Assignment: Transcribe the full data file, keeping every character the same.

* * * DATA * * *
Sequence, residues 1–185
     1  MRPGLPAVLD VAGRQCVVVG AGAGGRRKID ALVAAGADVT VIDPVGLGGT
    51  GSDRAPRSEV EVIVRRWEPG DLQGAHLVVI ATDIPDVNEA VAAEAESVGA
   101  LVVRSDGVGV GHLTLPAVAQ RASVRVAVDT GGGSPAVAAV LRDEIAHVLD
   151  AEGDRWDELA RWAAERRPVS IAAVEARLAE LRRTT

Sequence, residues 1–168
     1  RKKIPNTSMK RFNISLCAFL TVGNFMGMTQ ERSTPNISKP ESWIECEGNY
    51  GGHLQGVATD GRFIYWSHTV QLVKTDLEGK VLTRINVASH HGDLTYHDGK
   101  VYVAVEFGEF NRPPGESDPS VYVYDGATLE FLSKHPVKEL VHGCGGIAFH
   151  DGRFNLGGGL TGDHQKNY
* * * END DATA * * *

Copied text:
Sequence, residues 1–185
     1  MRPGLPAVLD VAGRQCVVVG AGAGGRRKID ALVAAGADVT VIDPVGLGGT
    51  GSDRAPRSEV EVIVRRWEPG DLQGAHLVVI ATDIPDVNEA VAAEAESVGA
   101  LVVRSDGVGV GHLTLPAVAQ RASVRVAVDT GGGSPAVAAV LRDEIAHVLD
   151  AEGDRWDELA RWAAERRPVS IAAVEARLAE LRRTT

Sequence, residues 1–168
     1  RKKIPNTSMK RFNISLCAFL TVGNFMGMTQ ERSTPNISKP ESWIECEGNY
    51  GGHLQGVATD GRFIYWSHTV QLVKTDLEGK VLTRINVASH HGDLTYHDGK
   101  VYVAVEFGEF NRPPGESDPS VYVYDGATLE FLSKHPVKEL VHGCGGIAFH
   151  DGRFNLGGGL TGDHQKNY